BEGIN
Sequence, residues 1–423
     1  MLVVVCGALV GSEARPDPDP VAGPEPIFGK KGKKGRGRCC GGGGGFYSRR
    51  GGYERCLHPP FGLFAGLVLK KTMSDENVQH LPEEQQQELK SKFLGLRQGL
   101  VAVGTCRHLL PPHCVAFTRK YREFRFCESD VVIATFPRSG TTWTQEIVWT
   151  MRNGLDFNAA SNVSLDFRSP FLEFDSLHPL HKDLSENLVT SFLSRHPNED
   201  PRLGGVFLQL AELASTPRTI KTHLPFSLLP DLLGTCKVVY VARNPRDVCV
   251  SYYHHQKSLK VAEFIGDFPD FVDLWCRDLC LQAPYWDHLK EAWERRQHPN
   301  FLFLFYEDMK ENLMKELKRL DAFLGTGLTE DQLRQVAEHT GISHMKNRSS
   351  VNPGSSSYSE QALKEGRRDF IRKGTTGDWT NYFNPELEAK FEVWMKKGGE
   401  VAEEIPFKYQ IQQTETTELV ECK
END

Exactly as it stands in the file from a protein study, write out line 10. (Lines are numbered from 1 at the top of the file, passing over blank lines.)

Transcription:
   401  VAEEIPFKYQ IQQTETTELV ECK